I've been watching politics intently just recently and it's quite obvious that the major parties are trying to buy votes. I agree with JC to the extent that this country (indeed the world) needs a radical change in the way it works form politics downwards (and upwards). The main problem for radical change is economies are nearly always dominated by market forces. So you cannot change that. What you can change is, though, the way that we handle our creation of wealth and what we do with it. Labours manifesto seeks just to have one cake divided so that each get an equal slice (old labour). The Tories aren't much better, although they do understand you have to create many cakes so that the poor would get a thicker slice than they would if there was just one cake. What has happened in the world is that the rich have got richer and the poor poorer. Technology has increased so much that we have high techies and low techies. Large multinationals have dominated without putting enough back in. What is the answer??????????? No doubt we will just plod along. However history states that when we get into this position something happens to re-align the status quo. Any ideas?

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By tedbuck
22nd Nov 2019 15:00

The terrifying thing is that a lot of people have no interest in politics, don't watch the news, don't read papers and I have even come across someone who hadn't heard of Jermy Corbyn. Who do you think these people will vote for?

Be very, very scared.

I haven't voted for a party for years but I always place a vote against the morons by voting for the least worst alternative.

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By djn24
22nd Nov 2019 15:52

The burden on the small Ltd company will be just too high to bear.

We will end up having a mass of small companies being liquidated and they will trade as sole traders and partnerships.

In summary they want to nationalise everything and screw the self employed. So does the labour party want to obliterate the self employed and have everyone work for the state?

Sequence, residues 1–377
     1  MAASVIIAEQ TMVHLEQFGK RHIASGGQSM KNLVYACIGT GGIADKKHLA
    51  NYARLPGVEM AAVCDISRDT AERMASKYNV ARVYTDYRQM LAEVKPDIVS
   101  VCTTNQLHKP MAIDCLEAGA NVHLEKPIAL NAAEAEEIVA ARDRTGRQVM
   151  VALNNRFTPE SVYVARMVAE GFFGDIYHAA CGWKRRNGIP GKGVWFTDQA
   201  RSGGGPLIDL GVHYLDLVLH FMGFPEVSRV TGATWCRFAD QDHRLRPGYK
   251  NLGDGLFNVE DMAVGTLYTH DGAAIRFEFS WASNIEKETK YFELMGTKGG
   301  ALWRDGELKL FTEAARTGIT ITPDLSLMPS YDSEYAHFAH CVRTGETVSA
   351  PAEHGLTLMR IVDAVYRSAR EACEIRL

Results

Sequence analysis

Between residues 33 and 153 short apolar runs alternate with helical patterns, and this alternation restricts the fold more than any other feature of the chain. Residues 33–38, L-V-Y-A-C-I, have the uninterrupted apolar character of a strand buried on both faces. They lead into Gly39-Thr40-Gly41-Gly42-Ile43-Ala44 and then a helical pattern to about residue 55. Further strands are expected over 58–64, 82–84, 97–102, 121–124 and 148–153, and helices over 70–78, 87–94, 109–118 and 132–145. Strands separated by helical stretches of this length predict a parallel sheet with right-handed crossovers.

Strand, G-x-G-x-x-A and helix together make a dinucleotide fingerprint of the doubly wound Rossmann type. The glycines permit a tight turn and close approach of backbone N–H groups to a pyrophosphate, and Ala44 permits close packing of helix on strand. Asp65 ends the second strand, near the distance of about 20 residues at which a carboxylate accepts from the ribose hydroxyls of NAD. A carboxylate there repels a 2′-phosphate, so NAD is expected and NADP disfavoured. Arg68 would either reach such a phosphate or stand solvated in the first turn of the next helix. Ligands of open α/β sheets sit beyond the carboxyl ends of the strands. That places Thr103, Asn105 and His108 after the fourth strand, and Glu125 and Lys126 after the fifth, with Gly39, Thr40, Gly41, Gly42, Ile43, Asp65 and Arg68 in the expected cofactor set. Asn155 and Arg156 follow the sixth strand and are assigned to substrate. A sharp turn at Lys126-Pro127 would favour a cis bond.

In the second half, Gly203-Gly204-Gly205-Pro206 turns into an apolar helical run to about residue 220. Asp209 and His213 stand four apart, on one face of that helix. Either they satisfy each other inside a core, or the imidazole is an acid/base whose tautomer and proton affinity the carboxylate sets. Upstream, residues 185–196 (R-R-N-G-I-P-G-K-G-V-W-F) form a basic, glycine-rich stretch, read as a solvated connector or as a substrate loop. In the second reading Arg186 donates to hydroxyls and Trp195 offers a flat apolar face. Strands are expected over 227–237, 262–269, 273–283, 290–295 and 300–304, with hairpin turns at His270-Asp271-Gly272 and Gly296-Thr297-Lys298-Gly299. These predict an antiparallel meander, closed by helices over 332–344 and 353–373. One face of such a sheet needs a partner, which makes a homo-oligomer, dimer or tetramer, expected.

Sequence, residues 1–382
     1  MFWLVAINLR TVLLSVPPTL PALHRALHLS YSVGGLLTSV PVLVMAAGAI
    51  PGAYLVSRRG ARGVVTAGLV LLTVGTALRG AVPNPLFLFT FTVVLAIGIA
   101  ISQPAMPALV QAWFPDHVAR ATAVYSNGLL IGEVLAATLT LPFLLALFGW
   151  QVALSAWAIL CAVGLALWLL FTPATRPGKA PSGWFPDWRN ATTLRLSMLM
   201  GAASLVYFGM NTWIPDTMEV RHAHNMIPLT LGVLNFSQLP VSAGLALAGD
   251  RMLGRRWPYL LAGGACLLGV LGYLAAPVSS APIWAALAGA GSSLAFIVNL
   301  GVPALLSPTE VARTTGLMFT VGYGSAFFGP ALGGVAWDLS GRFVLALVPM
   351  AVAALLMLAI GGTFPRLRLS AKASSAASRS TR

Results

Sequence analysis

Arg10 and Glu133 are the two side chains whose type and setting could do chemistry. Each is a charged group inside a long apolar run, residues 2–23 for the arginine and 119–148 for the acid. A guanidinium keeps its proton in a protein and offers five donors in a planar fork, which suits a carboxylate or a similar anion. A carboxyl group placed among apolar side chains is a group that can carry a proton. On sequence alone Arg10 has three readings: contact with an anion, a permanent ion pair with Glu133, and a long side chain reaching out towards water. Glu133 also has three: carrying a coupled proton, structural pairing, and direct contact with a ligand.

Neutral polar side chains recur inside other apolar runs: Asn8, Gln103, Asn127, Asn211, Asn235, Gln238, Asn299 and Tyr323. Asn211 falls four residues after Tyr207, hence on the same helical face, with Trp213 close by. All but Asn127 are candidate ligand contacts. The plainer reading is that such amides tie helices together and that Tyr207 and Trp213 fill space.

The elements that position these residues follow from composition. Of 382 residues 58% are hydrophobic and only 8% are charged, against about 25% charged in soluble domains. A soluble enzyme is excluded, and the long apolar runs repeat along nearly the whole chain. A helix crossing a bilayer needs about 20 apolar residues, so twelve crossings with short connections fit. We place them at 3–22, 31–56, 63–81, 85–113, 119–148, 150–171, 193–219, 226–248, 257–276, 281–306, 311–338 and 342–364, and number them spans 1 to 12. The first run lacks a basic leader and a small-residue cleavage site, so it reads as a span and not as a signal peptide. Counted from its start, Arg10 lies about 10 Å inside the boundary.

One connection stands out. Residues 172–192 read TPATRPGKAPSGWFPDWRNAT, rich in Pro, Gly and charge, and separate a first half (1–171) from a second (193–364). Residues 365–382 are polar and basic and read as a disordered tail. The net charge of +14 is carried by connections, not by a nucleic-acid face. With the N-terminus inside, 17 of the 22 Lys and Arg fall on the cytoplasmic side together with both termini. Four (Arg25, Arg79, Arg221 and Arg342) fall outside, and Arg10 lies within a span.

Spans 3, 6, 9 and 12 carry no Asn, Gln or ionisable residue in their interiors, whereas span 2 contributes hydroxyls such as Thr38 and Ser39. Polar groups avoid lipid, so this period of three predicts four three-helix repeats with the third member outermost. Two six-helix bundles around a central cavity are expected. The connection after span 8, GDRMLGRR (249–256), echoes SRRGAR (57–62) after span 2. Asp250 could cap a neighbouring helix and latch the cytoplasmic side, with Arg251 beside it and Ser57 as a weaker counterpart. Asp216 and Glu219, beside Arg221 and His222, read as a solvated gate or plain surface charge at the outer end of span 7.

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Replying to djn24:
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By flightdeck
22nd Nov 2019 17:00

Have a look at the Shadow Economic to the Secretary to the Treasury : Jonathan_Reynolds on wikipedia. Or Shadow Chancellor of the Exchequer John McDonnell.

Absolutely ZERO experience for their jobs. ZERO. They have literally ZERO experience of generating economic wealth.

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By flightdeck
22nd Nov 2019 16:30

Spare me these utterly unqualified cretins. How many have worked in industry? Run a company? Worked outside of the public sector?

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Replying to Desert Orchid:
By Ruddles
23rd Nov 2019 14:10

What a load of tosh - and I’m not referring to the manifesto

I suspect that you’re about to fall at the next fence.

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Chris M
By mr. mischief
23rd Nov 2019 18:31

For completeness, I can reveal the Conservative manifesto in full:

Disgraceful. They called the election so should have been first out of the blocks, not tail end Charlies. Economically the big question to ask in this election is whether you believe in fairies or leprechauns.